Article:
Getting ahead: exploitative competition by an invasive lizard

Isabel Damas-Moreira, Julia L. Riley, Miguel A. Carretero, D. James Harris, Martin J. Whiting

Research output: Contribution to journalArticlepeer-review

13 Citations (Scopus)


Biological invasions are a contemporary global threat because invasive species can have substantial negative economic and ecological impacts. Invasive species can outcompete native species through two main mechanisms: interference competition (direct, negative interactions like aggression) and/or exploitative competition (indirect, negative interactions resulting from species using the same, limited resources like food). The invasive Italian wall lizard (Podarcis siculus) was introduced into Lisbon, Portugal, 20 years ago, and is believed to be locally displacing the native green Iberian wall lizard (Podarcis virescens). We experimentally tested for competition between these two lizard species by establishing heterospecific (one pair of each species) and conspecific (two pairs of the same species; control) treatments in enclosures containing a high- and a low-quality refuge. Lizards were fed from food dishes every other day. We tested if species showed interference (aggressive behaviour, stealing food and shelter exclusion) or exploitative competition (tolerance between species but differences in food consumption efficiency). We found evidence for exploitative competition: the invasive species arrived first at food stations, consumed more food and gained more weight than the native species. We suggest that exploitative competition may, in part, explain the observed displacement of P. virescens from contact areas with the invasive P. siculus. Deciphering the competitive mechanisms between invasive and native species is vital for understanding the invasion process.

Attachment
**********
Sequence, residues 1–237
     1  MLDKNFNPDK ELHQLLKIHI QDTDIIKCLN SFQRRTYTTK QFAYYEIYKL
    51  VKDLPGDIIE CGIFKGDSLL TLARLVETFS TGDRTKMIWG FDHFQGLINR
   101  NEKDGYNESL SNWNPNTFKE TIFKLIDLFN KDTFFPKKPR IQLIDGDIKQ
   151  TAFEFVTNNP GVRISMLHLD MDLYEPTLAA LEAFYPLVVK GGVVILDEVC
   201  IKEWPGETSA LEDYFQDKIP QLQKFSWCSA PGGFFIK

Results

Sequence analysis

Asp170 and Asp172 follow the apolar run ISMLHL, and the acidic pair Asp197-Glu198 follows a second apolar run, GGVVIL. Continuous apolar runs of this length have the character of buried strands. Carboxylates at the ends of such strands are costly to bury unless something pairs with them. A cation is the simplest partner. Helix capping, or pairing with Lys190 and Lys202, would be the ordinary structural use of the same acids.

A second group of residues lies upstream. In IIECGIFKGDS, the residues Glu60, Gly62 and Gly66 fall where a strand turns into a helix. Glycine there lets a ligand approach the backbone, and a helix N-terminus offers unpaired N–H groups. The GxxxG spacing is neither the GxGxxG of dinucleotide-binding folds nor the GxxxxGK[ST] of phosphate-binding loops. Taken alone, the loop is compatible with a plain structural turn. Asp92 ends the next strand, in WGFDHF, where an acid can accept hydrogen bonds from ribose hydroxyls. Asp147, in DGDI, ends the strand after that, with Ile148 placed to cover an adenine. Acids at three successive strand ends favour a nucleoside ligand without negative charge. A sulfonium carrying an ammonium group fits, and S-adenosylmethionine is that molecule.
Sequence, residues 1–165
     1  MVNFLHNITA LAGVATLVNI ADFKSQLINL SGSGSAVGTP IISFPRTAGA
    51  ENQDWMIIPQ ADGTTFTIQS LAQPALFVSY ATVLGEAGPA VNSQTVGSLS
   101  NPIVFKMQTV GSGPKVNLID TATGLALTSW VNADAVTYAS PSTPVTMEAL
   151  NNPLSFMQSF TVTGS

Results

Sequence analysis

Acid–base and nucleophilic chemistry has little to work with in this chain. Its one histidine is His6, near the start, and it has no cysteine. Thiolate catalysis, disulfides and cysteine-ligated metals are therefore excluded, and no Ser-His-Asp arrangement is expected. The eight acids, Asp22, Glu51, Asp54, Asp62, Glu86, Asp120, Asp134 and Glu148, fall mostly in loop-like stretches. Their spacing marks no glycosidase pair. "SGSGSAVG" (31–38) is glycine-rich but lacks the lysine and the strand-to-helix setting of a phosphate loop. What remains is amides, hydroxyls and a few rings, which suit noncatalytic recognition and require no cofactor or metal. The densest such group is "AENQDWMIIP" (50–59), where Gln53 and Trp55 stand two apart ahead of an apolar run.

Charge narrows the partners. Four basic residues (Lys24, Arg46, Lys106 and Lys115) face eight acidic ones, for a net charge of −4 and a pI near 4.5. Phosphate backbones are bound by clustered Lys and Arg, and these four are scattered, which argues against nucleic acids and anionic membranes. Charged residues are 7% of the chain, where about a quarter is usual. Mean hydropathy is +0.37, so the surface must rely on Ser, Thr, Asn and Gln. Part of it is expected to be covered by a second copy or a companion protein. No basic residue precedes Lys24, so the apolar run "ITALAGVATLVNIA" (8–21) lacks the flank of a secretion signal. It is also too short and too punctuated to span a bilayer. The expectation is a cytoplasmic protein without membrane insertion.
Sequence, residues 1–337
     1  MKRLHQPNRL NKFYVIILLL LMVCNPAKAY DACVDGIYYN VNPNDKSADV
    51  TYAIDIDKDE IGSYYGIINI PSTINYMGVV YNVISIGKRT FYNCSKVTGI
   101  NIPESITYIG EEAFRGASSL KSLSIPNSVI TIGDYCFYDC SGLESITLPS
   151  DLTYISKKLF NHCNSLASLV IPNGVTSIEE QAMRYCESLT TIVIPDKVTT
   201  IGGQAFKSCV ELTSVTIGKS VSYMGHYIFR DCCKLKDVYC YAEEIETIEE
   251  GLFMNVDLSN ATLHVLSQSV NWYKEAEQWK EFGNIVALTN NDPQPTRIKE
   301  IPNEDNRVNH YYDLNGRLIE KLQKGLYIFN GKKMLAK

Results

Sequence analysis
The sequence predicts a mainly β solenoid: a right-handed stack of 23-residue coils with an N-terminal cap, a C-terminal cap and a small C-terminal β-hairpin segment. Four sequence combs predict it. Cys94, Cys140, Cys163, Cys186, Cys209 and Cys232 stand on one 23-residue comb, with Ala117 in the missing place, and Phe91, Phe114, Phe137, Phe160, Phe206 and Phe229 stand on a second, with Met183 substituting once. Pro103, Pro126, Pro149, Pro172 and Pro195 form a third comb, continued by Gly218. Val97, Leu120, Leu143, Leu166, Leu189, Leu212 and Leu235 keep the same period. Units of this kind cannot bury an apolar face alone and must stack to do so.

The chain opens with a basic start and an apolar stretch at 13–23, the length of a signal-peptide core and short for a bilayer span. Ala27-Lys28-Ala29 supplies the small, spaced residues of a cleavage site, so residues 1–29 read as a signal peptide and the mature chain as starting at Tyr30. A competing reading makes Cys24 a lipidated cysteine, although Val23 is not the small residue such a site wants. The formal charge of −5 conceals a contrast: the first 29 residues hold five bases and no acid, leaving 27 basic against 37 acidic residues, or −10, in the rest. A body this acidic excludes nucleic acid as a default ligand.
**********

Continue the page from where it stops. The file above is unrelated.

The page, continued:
Original languageEnglish
Article number117
Pages (from-to)1-12
Number of pages12
JournalBehavioral Ecology and Sociobiology
Issue number10
Publication statusPublished - Oct 2020


  • Biological invasions
  • Interference competition
  • Podarcis siculus
  • Podarcis virescens
  • Social interactions
  • Sympatry


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